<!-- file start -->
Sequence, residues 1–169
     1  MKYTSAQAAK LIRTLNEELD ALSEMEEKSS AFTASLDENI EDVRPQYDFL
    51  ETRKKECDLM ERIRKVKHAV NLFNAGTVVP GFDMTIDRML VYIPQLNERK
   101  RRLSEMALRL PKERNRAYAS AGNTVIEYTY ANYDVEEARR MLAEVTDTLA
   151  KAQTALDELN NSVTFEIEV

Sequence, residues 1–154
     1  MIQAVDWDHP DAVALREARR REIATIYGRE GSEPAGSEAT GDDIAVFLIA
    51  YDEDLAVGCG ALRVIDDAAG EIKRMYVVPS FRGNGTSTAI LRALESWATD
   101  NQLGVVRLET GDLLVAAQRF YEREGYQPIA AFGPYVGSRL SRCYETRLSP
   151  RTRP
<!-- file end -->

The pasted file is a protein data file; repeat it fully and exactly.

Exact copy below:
Sequence, residues 1–169
     1  MKYTSAQAAK LIRTLNEELD ALSEMEEKSS AFTASLDENI EDVRPQYDFL
    51  ETRKKECDLM ERIRKVKHAV NLFNAGTVVP GFDMTIDRML VYIPQLNERK
   101  RRLSEMALRL PKERNRAYAS AGNTVIEYTY ANYDVEEARR MLAEVTDTLA
   151  KAQTALDELN NSVTFEIEV

Sequence, residues 1–154
     1  MIQAVDWDHP DAVALREARR REIATIYGRE GSEPAGSEAT GDDIAVFLIA
    51  YDEDLAVGCG ALRVIDDAAG EIKRMYVVPS FRGNGTSTAI LRALESWATD
   101  NQLGVVRLET GDLLVAAQRF YEREGYQPIA AFGPYVGSRL SRCYETRLSP
   151  RTRP